Robert Rialmo not guilty in criminal battery case
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Chicago Police officer Robert Rialmo was found not guilty in his criminal battery case Tuesday.
Rialmo, 29, had been charged with two counts of misdemeanor battery stemming from two punches that he threw in a restaurant on the Northwest Side last December, striking two men and knocking one of them unconscious.
Saying that the state had not proved its case beyond a reasonable doubt in the two-day bench trial at 5555 W. Grand, Cook County Judge Daniel Gallagher found Rialmo not guilty.
“He was not the aggressor,” Rialmo’s attorney Joel Brodsky said during closing arguments. “They instigated it. They were the aggressors.”
After the verdict was read, Rialmo exited the courthouse and took questions from reporters for the first time since he was thrust into the public sphere after he shot Quintonio LeGrier and Bettie Jones more than 2 ½ years ago.
“I feel that people have the wrong idea of myself,” Rialmo said. “I’m glad this worked out in my situation.
“It’s been a tough road, I’ll be honest,” he added. “It’s been a long couple years.”
The punches that landed Rialmo back in court came after one man, 23-year-old Atmiya Patel had lost his coat at Moretti’s Pizzeria and Ristorante in the Edison Park neighborhood in the early hours of Dec. 17, 2017.
Patel had testified that he was looking for his coat as he and his friend, Brandon Stassen, 23, were getting ready to leave for their homes in the northwest suburbs.
Patel — who said he had four drinks over the course of several hours that night — mistook Rialmo’s flannel jacket for his own and tried to take it.
Rialmo testified Tuesday that Patel was “aggressive and agitated” and wouldn’t listen when Rialmo told him the coat was actually his. Rialmo said he shoved Patel away with one arm to “create distance” between the two.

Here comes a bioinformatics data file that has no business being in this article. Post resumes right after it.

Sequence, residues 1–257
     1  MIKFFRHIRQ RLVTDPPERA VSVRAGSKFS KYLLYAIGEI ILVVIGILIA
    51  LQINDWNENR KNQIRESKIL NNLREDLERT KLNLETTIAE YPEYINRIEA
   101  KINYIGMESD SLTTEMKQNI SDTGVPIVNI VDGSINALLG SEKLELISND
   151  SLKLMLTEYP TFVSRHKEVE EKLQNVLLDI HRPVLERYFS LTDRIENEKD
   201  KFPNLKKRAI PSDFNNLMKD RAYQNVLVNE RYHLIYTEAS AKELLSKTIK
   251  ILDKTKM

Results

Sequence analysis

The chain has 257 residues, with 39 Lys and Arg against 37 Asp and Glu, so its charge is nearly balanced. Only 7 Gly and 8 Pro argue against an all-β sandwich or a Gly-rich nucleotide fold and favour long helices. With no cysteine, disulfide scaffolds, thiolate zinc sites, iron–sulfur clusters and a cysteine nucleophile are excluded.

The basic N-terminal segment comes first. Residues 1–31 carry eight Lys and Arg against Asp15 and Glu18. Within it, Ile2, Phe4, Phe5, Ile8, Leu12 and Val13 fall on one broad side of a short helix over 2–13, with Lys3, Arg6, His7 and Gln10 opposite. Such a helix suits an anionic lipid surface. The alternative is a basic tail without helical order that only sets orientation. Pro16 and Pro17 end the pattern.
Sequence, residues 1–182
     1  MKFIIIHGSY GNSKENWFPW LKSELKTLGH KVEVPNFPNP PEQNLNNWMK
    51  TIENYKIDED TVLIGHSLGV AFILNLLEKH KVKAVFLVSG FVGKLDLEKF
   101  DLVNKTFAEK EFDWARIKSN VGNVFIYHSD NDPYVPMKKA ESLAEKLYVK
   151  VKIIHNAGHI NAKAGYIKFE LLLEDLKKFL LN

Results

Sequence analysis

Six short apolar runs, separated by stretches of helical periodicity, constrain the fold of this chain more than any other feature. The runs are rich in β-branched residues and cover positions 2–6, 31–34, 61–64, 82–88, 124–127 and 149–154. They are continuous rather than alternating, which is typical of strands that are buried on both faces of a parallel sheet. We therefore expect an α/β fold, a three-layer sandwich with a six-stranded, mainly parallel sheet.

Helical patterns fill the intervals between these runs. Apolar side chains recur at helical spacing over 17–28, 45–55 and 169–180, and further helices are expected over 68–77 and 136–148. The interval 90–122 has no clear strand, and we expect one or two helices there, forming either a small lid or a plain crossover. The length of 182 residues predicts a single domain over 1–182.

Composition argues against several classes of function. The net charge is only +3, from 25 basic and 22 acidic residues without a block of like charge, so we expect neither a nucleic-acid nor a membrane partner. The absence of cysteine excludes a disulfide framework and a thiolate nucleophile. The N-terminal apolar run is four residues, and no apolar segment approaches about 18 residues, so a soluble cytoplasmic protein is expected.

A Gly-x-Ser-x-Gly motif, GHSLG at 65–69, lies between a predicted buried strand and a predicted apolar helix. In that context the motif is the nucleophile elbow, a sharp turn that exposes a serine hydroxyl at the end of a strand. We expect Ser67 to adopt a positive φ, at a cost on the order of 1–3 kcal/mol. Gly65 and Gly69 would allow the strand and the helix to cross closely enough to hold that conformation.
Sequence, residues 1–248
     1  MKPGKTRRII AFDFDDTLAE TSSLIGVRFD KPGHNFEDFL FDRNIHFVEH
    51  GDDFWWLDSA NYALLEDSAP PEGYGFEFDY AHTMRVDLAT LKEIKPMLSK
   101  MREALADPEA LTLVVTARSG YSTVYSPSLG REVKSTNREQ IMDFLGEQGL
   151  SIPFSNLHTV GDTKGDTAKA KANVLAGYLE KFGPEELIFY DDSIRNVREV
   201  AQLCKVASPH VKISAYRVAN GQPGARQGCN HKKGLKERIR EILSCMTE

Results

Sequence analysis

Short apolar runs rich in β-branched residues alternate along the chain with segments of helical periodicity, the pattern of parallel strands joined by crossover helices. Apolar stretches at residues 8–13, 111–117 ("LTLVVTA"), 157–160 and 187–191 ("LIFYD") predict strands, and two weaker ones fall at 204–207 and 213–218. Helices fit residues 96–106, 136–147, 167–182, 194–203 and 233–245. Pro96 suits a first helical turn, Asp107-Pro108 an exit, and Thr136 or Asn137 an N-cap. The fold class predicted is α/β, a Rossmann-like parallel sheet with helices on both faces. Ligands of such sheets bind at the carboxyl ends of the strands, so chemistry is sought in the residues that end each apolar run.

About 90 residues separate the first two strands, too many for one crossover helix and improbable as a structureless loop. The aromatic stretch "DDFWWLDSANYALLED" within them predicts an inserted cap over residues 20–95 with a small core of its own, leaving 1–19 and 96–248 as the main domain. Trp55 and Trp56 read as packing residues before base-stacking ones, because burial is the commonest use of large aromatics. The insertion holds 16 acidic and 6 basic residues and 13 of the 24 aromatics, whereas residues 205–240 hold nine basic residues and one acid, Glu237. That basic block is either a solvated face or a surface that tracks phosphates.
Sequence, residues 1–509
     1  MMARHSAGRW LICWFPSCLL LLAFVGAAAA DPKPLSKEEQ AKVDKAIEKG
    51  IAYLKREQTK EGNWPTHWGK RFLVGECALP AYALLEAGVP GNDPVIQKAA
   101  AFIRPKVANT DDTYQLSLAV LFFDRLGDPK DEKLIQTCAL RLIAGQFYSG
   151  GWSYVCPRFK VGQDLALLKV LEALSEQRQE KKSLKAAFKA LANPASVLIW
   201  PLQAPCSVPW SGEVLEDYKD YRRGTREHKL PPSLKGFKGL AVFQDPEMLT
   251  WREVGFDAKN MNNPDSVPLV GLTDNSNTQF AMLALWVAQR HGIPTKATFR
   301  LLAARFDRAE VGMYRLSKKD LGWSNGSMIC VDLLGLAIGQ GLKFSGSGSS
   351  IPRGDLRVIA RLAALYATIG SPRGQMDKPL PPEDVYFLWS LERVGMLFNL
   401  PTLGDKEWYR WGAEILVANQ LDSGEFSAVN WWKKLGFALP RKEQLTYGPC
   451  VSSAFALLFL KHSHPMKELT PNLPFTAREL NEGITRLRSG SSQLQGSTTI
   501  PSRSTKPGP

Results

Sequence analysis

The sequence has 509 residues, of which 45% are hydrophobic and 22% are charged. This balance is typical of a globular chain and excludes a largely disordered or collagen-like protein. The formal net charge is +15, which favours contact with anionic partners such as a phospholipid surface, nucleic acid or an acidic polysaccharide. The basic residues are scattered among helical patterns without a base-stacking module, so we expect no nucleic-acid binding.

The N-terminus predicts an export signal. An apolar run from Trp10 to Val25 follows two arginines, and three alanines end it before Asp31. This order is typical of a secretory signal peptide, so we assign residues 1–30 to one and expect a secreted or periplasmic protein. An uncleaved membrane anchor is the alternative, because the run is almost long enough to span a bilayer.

Patel was knocked into nearby tables and chairs and fell to the ground.
Rialmo testified that he then punched Stassen after he reached up and touched Rialmo’s neck and shoulder area. Stassen said he was knocked unconscious and later diagnosed with a concussion. Rialmo said that, on a scale from one to 10, the force he used in the Stassen punch was a four.
After the Stassen punch, Rialmo then punched Patel in the jaw as he was getting to his feet. Rialmo said that he believed Patel was going to charge at him after he called Rialmo a “motherf—–.”
Brodsky — who cited two Illinois laws that, he said, entitled Rialmo to use force to defend himself and his property — argued that Rialmo “used the least amount of force necessary.”
Assistant State’s Attorney Maureen McCurry called that argument “absurd.”
Several of Rialmo’s friends who were with him the night of the fight testified that they believe he acted reasonably when he punched Patel and Stassen.
McCurry rejected their testimony in her closing arguments.
“They have a bias,” she said. “They’re here for their friend.”
As he did in the LeGrier civil trial that recently concluded, Brodsky maintained that Rialmo was the target of political pressure from outside entities.
“I just would hope that people would now realize not to jump to conclusions and decide cases based on the facts and not what you’d like them to be, but what they actually are,” Brodsky said after the verdict was read.